Skip to main content

Investigating the physiological roles of low-efficiency D-mannonate and D-gluconate dehydratases in the Enolase Superfamily: Pathways for the catabolism of L-gulonate and L-idonate

Wichelecki DJ, Vendiola JAF, Jones AM, Al-Obaidi N, Almo SC, Gerlt JA (2014) Biochemistry, 53, 5692-5699. PMCID: PMC4159206

This study investigates an important question: do physiological roles exist for low-efficiency enzymes? Three homologous, low-efficiency members of the Enolase Superfamily were found to be in the genome neighborhood of in vitro carbohydrate metabolism pathways, but none were found to be physiologically relevant. It is hypothesized that we are observing these low-efficiency enzymes in evolutionary flux: between retirement and repurposing. Enzymes without compelling physiological roles prove to be a challenge in the endeavor of accurate functional annotation. Notably - this investigation also includes the first successful attempt at large-scale ligand screening of transcriptional regulators to gain insight into the substrate of the regulated enzyme. Furthermore, this investigation led to the discovery of a novel L-gulonate catabolic pathway in Chromohalobacter salexigens DSM 3043.


The sequence/function space in the d-mannonate dehydratase subgroup (ManD) of the enolase superfamily was investigated to determine how enzymatic function diverges as sequence identity decreases [Wichelecki, D. J., et al. (2014) Biochemistry 53, 2722-2731]. That study revealed that members of the ManD subgroup vary in substrate specificity and catalytic efficiency: high-efficiency (kcat/KM = 10(3)-10(4) M(-1) s(-1)) for dehydration of d-mannonate, low-efficiency (kcat/KM = 10-10(2) M(-1) s(-1)) for dehydration of d-mannonate and/or d-gluconate, and no activity. Characterization of high-efficiency members revealed that these are ManDs in the d-glucuronate catabolic pathway {analogues of UxuA [Wichelecki, D. J., et al. (2014) Biochemistry 53, 4087-4089]}. However, the genomes of organisms that encode low-efficiency members of the ManDs subgroup encode UxuAs; therefore, these must have divergent physiological functions. In this study, we investigated the physiological functions of three low-efficiency members of the ManD subgroup and identified a novel physiologically relevant pathway for l-gulonate catabolism in Chromohalobacter salexigens DSM3043 as well as cryptic pathways for l-gulonate catabolism in Escherichia coli CFT073 and l-idonate catabolism in Salmonella enterica subsp. enterica serovar Enteritidis str. P125109. However, we could not identify physiological roles for the low-efficiency members of the ManD subgroup, allowing the suggestion that these pathways may be either evolutionary relics or the starting points for new metabolic potential.

Link to PubMed »


Abstract Image

Figure 1: Genome neighborhood for CsManD in C. salexigens DSM3043. Carbohydrate metabolism genes are colored green. TRAP transporters are colored red. The GntR transcriptional regulator is colored orange.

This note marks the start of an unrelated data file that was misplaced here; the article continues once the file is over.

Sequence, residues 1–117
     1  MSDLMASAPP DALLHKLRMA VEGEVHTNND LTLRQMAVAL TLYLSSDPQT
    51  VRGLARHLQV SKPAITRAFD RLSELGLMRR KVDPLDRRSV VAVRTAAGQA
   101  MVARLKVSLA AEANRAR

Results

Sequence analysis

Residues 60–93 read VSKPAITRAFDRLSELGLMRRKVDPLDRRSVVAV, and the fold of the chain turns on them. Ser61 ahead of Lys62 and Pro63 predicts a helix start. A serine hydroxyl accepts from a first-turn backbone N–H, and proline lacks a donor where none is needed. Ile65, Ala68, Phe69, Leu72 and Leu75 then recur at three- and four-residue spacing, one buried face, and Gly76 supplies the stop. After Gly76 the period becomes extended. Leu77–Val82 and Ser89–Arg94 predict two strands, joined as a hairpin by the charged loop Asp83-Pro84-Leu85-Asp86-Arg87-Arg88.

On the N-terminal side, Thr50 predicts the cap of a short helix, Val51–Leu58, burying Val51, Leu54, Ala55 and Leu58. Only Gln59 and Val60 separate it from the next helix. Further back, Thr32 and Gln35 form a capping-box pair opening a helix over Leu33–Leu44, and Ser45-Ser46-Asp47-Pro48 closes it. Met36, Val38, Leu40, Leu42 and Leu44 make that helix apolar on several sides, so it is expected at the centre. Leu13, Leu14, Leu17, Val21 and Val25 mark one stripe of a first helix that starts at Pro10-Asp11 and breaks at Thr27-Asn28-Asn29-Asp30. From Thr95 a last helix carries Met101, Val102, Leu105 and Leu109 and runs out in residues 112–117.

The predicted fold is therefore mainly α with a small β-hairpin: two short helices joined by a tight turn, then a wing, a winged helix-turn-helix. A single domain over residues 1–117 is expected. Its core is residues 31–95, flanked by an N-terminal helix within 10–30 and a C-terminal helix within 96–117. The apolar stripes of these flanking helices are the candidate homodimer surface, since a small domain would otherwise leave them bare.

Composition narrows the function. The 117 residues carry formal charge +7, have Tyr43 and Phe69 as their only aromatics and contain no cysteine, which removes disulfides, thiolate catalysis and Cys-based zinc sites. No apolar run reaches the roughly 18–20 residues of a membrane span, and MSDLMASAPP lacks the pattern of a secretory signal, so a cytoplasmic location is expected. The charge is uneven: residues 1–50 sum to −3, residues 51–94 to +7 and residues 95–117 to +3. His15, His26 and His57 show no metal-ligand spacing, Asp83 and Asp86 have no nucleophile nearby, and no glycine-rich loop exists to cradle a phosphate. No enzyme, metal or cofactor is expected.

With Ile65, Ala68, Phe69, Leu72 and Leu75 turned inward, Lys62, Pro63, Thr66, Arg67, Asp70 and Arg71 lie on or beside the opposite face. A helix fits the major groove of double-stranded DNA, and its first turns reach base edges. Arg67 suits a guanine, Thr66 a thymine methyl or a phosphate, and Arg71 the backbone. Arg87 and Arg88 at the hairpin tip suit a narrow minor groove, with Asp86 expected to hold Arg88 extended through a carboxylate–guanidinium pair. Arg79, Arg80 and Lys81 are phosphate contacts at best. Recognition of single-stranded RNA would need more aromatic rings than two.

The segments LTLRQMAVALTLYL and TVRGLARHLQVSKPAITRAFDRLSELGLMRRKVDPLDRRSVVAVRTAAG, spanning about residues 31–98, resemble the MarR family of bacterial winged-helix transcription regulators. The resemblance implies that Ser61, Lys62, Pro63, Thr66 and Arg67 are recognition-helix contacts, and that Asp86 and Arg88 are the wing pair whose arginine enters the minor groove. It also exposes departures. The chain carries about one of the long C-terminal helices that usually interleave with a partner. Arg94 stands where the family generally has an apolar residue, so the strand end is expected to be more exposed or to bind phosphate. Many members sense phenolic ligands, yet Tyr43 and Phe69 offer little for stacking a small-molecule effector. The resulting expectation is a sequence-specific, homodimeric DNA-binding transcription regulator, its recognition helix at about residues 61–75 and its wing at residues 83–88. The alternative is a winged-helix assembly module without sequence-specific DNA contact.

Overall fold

Figure 2: Catabolic pathways for d-glucuronate in eubacteria. The pathway hypothesized for degradation of l-gulonate in C. salexigens has red arrows: CsGulDH (alcohol dehydrogenase), CsFR (fructuronate reductase), CsManD (d-mannonate dehydratase), and UxuA (d-mannonate dehydratase). Starting compounds are labeled in blue (d-glucuronate and l-gulonate).

Figure 3: qRT-PCR data for genes in the CsManD operon for cells grown on l-gulonate (top) or d-mannonate (bottom) vs growth on d-glucose. Cells were grown as described in Materials and Methods to an optical density of 0.4–0.5 at 600 nm (early log phase). Upregulation is observed for all genes on both l-gulonate and d-mannonate.

Figure 4: Growth curves for wild-type C. salexigens DSM3043 and various knockout strains. Growth was recorded in M9 minimal medium with 1.7 M NaCl and either l-gulonate (A) or d-mannonate (B) as the sole carbon source. The cultures were grown in triplicate.

Figure 5: Genome neighborhood of the gene cluster in E. coli CFT073. RspA (low-efficiency d-mannonate dehydratase, Uniprot entry Q8FHC7), RspB (l-gulonate dehydrogenase, Uniprot entry Q8FHC8), and RspD (fructuronate reductase, Uniprot entry Q8FHD0) are colored green. The hypothetical metabolite transporter (RspC, Uniprot entry Q8FHC9) is colored red. Hypothetical genes of unknown function are colored orange.

Figure 6: Genome neighborhoods of the previously described l-idonate catabolic pathway and the low-efficiency ManD-containing l-idonate catabolic pathway present in S. enterica subsp. enterica serovar Enteritidis str. P125109.

Figure 7: In vitro catabolic pathway for the consumption of l-idonate present in S. enterica subsp. enterica serovar Enteritidis str. P125109.

Reprinted with permission from Wichelecki et al. Biochemistry 53, 5692-5699. Copyright 2014 American Chemical Society.